Labour MPs call for change as Green Party threat grows
In the not too dim and distant past the Green Party was sometimes dismissed as all beards and sandals - a bit like the Liberal Democrats but without MPs.
That latter fact is no longer true, and I'm sure the Greens would say the beards and sandals stereotype was always a slur too.
And a bit like the Lib Dems prior to 2010, their growing membership and electoral support is beginning to raise the possibility that they might even wield some power after the election.
And one party definitely worried about that rise is Labour.
The Lib Dem decision to go into coalition with the Conservatives appeared to leave the left field of English politics wide open for Ed Miliband's party.
But now the Greens are not only competing for former Lib Dem voters, they're also appealing to disillusioned Labour supporters.
And that appeal isn't confined purely to its environmental credentials - much of it is based on their opposition to austerity.
Until last month, 24-year-old Matthew Giles from Hebburn in South Tyneside was a Labour party member.
He was also part of the People's Assembly - a group dedicated to fighting austerity.
And then the penny dropped - with Labour committed to cutting public spending significantly, he was actually campaigning against the policies his party was advocating.
His solution was to tear up his Labour membership card and join the Greens.
He said: "If you look at the Green manifesto, it's what Labour should be saying as a party which says it represents working people and people who cannot represent themselves.
"When I was campaigning against austerity and privatisation of the NHS, I realised the Labour Party were saying something different. I realised I had become disenfranchised. I don't feel they really represent a working class lad like myself from the North East anymore."
Lost the plot
And he isn't alone. Peter Thomson was a Labour member for 30 years, serving as a councillor and Lord Mayor of Newcastle.
But he left Labour in 2011 and joined the Greens last year.
He said: "Labour have lost the plot in my view. They are just one of the Four Horsemen of Austerity telling us there's no alternative but there is."
And then there are potential new members that Labour is missing out on.
Rhiannon Curtis, 26, from South Shields, says she never considered Labour as an option before signing up for the Green Party.
She said: "Labour pays lip service to the idea of representing the working class and fighting for the poor, but time after time its policies say something different.
"More and more people are now joining the Green Party and there is a real sense of excitement that something can be done, and that tangible change is now achievable."
So what of Green ambitions? In the North East and Cumbria, the prospect of winning a parliamentary seat seems remote. The worry for Labour may come in the marginals it needs to win to return to government.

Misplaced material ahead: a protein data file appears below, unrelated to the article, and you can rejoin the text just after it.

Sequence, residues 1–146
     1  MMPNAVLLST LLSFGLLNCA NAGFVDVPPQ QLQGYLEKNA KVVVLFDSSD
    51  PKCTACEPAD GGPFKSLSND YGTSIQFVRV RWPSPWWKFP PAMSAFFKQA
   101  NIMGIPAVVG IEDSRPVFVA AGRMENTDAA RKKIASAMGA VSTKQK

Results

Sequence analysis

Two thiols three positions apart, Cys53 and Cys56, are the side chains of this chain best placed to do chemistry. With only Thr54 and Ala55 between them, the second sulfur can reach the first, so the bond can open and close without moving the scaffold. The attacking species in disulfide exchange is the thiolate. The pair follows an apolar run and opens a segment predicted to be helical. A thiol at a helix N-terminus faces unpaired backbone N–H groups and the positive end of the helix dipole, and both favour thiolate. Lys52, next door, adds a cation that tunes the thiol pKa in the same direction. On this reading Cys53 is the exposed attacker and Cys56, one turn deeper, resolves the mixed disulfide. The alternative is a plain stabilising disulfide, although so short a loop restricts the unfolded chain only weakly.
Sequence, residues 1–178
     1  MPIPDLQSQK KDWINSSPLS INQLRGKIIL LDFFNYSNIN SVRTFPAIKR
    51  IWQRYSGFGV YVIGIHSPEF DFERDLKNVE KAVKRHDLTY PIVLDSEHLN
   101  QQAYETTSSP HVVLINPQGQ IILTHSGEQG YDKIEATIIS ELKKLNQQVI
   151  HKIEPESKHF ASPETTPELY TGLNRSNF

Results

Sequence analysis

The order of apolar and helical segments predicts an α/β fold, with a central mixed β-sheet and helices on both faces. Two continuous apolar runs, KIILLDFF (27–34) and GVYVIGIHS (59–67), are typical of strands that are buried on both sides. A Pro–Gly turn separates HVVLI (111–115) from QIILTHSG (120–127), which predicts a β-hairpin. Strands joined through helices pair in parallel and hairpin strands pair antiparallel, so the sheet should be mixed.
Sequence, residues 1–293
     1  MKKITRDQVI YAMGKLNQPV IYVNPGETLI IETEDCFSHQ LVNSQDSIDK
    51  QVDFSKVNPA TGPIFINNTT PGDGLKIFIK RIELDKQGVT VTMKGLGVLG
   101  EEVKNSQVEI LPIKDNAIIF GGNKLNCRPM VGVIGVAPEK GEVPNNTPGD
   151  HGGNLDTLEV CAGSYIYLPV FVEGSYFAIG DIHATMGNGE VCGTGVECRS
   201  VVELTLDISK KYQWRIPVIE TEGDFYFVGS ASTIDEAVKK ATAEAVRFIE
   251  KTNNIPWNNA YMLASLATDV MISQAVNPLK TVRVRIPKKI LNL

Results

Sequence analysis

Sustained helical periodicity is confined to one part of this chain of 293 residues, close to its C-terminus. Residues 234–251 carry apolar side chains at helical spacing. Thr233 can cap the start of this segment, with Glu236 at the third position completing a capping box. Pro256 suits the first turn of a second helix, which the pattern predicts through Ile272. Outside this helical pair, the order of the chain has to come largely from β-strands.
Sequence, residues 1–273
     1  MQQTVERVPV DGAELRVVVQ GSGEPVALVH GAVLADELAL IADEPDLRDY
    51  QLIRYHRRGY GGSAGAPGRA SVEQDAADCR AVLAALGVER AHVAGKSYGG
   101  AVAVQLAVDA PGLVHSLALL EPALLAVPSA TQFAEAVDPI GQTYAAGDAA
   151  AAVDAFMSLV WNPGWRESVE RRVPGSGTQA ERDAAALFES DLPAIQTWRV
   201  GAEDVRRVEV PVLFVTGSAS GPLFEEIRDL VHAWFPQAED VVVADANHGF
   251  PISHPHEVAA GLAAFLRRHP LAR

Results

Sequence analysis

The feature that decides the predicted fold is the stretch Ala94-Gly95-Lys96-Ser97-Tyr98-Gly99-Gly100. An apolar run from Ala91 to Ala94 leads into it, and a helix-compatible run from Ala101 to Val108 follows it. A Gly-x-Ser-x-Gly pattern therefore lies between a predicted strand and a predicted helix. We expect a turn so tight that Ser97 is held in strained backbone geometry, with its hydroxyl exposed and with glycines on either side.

Even a few hundred votes lost in tight contests like Stockton South, Carlisle or Redcar could cost them dear.
And this week 15 Labour MPs also urged the party to make changes to readopt what they see as traditional Labour values and shore up support.
They all signed a letter asking for a change of direction on three issues - they want more rights for trade union members in the workplace, an alternative to austerity and cuts and the gradual renationalisation of the railways.
The MPs deny it's a response to the Green threat, but change in all three areas would move Labour closer to their rival's policies.
One of the signatories is Wansbeck MP and former coal miner Ian Lavery.
He said: "Austerity is having a dramatic effect on my constituency and the North East in general. What we are saying is that we just need to go that little step forward as a party and nudge the policymakers to accept that the general public want those two or three issues to be considered.
"I think that will attract a lot more votes than perhaps going in the direction which we are heading at this moment in time."
But there is a challenge for the Green Party too. Increased success means increased scrutiny.
One of its flagship policies - a Citizens' Income of around £75-per-week for every adult - came under fire this week when one assessment found that some of the poorest in society could lose under the plan.
The Citizens' Income Trust, which has advised the Green Party on the policy, found that more than a third of households would lose out under the policy of replacing tax allowances and benefits with the payment - many of them with low incomes.
It now believes the policy would be impossible to implement.
Ian Lavery said: "That policy has been closely scrutinised over the past few days, and it would be a hit on the poor with 35.5% of the households in the UK being worse off. Once parties like the Greens get a little bit of support, they've got to expect the scrutiny and responsibility that comes with that, and that has proved pretty negative in this case."
The Greens do though pose a clear and present danger to Labour - and a dilemma. A move to the left might stop some support leaking away - but it might also open up ground in the centre, where elections are traditionally won.